Over at Stack Overflow, I asked a question about implementing an algorithm.
The first answer did not address the question, but rather the attempted solution. After finding my own solution, I was compelled to use my solution to address the actual question. I did this while maintaining the prospect of having my solution critiqued by people more knowledgeable on the subject than I.
As was hoped for, my proposed solution did provide the necessary fodder for a brief discussion, and ultimately modifications to the first contributor's answer. The first contributors new answer was then accepted.
All together: the original question, the first answer, my prospective solution, and the accepted answer do complement each other to provide a complete and valuable learning experience for people attempting to become familiar with the respective topic.
As I am not interested in participating in the accumulation of superfluous virtual trinkets, I was not compelled to hold back my prospective (and retrospectively inferior) solution to the problem. This decision has benefited me well with the accumulation of valuable knowledge, despite exposing myself to "reputation-al" punishment.
As currently implemented, voting on my prospective answer is meaningless.
- Does one downvote my prospective answer because they are against its neglect for subjective qualities such as "best practices"?
- Does one upvote my proposed solution because they feel it correctly answered the question being asked at a time when no other answer did as such?
- Does one upvote my proposed solution because they feel it complements the question and the accepted answer so as to provide a complete learning experience?
- If one does downvote my proposed solution for not following the best practices (which were only later added to the accepted answer), how does that not flag to future readers that the information contained within should be ignored rather than taken as complementary to the accepted answer?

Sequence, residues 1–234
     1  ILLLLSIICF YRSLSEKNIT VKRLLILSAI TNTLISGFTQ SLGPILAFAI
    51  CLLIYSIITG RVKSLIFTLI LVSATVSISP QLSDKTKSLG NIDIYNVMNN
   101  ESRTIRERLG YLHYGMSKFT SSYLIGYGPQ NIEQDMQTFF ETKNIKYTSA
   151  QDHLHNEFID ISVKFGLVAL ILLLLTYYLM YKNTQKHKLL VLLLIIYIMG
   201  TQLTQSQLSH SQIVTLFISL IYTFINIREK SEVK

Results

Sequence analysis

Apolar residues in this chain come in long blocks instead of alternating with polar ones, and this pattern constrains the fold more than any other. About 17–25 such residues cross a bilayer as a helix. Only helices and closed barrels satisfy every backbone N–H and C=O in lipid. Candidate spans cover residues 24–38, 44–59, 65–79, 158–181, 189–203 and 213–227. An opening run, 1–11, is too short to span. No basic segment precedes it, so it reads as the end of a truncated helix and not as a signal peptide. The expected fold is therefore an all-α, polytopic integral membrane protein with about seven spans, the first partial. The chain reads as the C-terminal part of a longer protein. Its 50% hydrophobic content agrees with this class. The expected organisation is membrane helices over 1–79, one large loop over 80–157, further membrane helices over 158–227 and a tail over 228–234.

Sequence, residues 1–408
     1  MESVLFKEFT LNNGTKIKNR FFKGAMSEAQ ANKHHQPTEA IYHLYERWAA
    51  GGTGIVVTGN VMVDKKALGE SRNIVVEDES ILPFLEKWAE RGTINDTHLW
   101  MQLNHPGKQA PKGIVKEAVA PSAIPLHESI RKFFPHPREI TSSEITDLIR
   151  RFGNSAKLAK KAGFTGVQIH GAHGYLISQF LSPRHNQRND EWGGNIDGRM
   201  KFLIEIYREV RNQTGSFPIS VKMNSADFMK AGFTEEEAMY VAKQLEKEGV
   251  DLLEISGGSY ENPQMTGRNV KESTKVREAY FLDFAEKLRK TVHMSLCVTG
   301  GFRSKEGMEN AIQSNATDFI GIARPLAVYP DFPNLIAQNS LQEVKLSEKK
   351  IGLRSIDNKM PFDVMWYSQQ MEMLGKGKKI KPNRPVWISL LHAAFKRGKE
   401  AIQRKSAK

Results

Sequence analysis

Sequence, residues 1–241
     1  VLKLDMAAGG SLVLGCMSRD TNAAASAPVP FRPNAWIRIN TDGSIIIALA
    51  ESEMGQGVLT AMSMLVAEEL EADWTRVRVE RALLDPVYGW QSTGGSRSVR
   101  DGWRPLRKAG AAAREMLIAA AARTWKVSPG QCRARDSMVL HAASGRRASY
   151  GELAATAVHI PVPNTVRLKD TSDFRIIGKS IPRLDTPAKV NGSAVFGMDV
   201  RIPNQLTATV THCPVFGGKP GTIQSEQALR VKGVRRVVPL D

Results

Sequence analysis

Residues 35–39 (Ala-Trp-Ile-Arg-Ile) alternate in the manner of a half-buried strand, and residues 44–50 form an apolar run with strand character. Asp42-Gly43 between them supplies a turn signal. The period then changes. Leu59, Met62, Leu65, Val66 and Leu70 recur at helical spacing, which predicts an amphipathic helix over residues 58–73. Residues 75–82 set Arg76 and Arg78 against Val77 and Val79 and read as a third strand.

- If one does upvote my proposed solution, how does that endorsement not result in hand-waiving with respect to the points brought up in the accepted answer?
I cannot simply delete my prospective answer now, as it has become tightly coupled to the rest of the question/answer content.
Despite my indifference to Stack Exchange's virtual trinket system, I realize that I am more likely an outlier in this community. Personally, I fail to grasp how a person motivated by "points" and "badges" would ever be compelled to stick their neck out and offer their inferior solutions to complicated problems. When the ambiguous voting system serves no other purpose for these people than the enforcement of broad educational abstinence under any uncertainty, knowledge gets punished and everybody loses.
Rather than using an overly simplified and purely homogenized metric for measuring the usefulness of information (upvote/downvote), I propose that Stack Exchange take steps to heterogenize the way in which users rank and score contributions of knowledge.
I further propose that since knowledge is an evolutionary process, ranking and scoring should also be able to consider context of content: e.g. "Has the answer become obsolete in the face of a new answer?".
At the end of the day, these improved and heterogeneous metrics shall each inflict their own (independently weighted) influence on the scalar "points" and "badges" of users. At the same time, making knowledge content more meaningful and potentially easing the pressure on trinket accumulators who may currently be coerced into silence.
Good faithed contributions which become obsolete after influencing later contributions should not justify the punishment of trinket seeking users who contributed the best of knowledge from an earlier era.
I fully anticipate that members of Stack Exchange will scoff at my concerns as baseless. However, how do you explain the observation of users devoting meaningful quantities of their life contributing valuable knowledge to this network on the premise that they shall obtainin zero tangible beneift for their time?
I am not advocating for naively increasing the difficulty in realizing a decline of ones "points" and "badges". Plain "point"/"badge" dilution would not accomplish anything. Instead, I expect that any scalarizing function used to compute "points"/"badges" from these new metrics shall consequentially increase the relative meaningfulness of such trinkets.